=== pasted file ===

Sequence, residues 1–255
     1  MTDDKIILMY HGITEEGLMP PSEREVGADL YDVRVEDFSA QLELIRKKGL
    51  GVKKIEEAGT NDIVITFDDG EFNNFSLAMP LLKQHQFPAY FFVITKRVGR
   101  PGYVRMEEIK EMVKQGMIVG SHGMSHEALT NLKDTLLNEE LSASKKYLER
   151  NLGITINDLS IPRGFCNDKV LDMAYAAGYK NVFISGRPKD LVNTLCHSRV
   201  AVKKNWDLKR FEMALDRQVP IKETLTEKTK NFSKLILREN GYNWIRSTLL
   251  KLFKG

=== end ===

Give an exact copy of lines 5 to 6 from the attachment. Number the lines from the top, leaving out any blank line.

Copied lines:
   151  NLGITINDLS IPRGFCNDKV LDMAYAAGYK NVFISGRPKD LVNTLCHSRV
   201  AVKKNWDLKR FEMALDRQVP IKETLTEKTK NFSKLILREN GYNWIRSTLL